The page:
Studies have shown that families who enjoy meals together also enjoy greater satisfaction and less stress than those who don’t. As our kids were growing up we tried to schedule at least three dinners a week at our kitchen table. When they were teens we also tried to insert at least one monthly family date. This meant we limited their extra-curricular activities to one per semester.

We eat 3 squares a day with our cabin group. If you do the math, that is 21 meals together in a week which is UNHEARD OF in today’s busy world! There is nothing better than the exchange that occurs as we share with each about our daily successes and challenges while getting the fuel we need to keep us strong for active days at camp. 

3. Determine financial boundaries.

This one is tough because we are frequently guilty of merely reacting to bills and invoices instead of planning our spending. We follow this simple rule: give first, save second, and live on the rest. This means we choose the charitable giving we want to do and decide our amount each month; then we put money in savings, and then we see what we have left to cover all else. This offers a guideline for the emotional conversation about buying “stuff” for your kids.

Our tuition fee is mostly all-inclusive. Regular programming for daily activities (like horseback riding) and services (such as laundry) are included in the cost to come to camp. We’ve got you covered for snacks and other incidentals. There truly is no need for anything else during your camper’s stay with us. The best thing you can send is a weekly letter or Bunk Note!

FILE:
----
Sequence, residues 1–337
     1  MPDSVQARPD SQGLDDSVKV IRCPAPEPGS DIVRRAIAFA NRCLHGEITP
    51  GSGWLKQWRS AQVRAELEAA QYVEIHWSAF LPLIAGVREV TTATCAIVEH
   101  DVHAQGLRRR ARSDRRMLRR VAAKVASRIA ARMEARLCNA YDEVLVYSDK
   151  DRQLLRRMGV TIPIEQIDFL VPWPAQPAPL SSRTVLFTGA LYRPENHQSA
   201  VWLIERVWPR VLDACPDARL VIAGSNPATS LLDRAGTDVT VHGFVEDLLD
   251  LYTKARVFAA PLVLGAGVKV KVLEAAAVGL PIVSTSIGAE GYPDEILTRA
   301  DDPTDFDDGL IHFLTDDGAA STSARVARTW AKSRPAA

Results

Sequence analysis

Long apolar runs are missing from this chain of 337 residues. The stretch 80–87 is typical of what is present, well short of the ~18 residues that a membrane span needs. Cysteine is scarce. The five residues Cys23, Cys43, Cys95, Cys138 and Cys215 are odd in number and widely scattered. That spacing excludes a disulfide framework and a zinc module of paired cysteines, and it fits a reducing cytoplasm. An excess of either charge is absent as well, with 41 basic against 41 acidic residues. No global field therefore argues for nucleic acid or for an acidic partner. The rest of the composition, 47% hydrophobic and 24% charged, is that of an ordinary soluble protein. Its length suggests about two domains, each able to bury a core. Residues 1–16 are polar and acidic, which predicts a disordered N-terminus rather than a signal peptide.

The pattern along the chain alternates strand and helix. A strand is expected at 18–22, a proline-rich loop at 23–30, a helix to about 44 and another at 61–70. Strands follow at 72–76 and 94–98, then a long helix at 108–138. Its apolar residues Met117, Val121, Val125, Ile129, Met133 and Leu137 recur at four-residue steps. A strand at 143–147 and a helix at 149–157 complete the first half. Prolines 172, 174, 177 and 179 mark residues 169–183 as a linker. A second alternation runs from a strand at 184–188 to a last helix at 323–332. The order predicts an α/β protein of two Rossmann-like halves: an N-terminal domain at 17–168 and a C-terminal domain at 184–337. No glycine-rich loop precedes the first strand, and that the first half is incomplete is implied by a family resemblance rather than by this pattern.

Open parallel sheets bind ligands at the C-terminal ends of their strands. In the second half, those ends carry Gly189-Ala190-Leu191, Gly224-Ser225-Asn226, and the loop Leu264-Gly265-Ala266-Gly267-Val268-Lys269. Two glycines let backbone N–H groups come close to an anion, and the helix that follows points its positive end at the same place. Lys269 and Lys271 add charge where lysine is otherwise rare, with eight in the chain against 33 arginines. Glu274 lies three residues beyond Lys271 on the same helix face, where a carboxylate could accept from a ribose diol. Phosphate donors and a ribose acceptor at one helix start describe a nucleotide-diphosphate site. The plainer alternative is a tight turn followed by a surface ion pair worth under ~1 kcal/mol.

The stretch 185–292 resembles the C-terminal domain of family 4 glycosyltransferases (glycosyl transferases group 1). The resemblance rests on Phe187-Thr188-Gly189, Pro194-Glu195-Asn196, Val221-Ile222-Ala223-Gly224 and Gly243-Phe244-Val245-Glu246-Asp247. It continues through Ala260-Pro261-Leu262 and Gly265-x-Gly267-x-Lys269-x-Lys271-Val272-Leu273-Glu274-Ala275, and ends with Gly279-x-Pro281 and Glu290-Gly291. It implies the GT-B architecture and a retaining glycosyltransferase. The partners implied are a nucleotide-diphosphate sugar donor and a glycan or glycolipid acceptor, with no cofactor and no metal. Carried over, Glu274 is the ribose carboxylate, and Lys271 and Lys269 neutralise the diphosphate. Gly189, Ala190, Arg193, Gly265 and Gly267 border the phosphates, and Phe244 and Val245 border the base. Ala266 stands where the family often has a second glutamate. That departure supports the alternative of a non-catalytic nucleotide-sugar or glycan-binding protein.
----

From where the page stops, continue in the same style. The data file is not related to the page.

4. Determine service projects.

As our kids grew older it became more challenging to do this one together. But, we attempted to schedule one time a month to find a place to serve together. It may be a homeless shelter; it may be a local food pantry, or a department in a local church. For years, we sponsored a child overseas (in Africa) to fund his or her education and personal needs. This gave us perspective on our own “first world problems” and conditioned to be generous and grateful.